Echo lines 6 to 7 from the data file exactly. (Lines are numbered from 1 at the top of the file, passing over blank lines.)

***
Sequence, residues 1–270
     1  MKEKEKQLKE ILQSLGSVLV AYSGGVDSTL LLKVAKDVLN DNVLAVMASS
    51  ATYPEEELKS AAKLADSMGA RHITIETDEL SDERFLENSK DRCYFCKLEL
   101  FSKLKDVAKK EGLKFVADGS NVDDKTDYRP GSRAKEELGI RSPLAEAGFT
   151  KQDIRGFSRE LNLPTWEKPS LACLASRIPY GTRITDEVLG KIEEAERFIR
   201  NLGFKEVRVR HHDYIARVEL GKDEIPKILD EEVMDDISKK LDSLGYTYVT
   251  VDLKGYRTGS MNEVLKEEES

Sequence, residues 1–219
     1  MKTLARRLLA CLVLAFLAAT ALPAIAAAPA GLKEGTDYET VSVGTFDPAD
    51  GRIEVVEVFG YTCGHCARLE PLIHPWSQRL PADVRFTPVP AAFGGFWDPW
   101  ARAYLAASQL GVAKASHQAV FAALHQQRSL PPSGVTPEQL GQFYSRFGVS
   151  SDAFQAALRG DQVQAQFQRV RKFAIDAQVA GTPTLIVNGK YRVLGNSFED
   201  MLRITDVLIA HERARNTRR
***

   201  NLGFKEVRVR HHDYIARVEL GKDEIPKILD EEVMDDISKK LDSLGYTYVT
   251  VDLKGYRTGS MNEVLKEEES